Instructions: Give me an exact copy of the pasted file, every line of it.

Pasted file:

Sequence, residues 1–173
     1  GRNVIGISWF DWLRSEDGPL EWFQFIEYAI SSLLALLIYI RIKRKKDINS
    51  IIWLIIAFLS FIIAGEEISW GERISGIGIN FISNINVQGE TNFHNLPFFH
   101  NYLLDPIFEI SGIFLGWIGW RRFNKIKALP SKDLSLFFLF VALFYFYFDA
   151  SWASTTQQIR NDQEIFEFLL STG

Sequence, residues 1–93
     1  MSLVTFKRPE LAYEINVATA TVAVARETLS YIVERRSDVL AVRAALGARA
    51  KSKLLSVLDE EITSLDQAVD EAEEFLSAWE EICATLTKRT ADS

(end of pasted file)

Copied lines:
Sequence, residues 1–173
     1  GRNVIGISWF DWLRSEDGPL EWFQFIEYAI SSLLALLIYI RIKRKKDINS
    51  IIWLIIAFLS FIIAGEEISW GERISGIGIN FISNINVQGE TNFHNLPFFH
   101  NYLLDPIFEI SGIFLGWIGW RRFNKIKALP SKDLSLFFLF VALFYFYFDA
   151  SWASTTQQIR NDQEIFEFLL STG

Sequence, residues 1–93
     1  MSLVTFKRPE LAYEINVATA TVAVARETLS YIVERRSDVL AVRAALGARA
    51  KSKLLSVLDE EITSLDQAVD EAEEFLSAWE EICATLTKRT ADS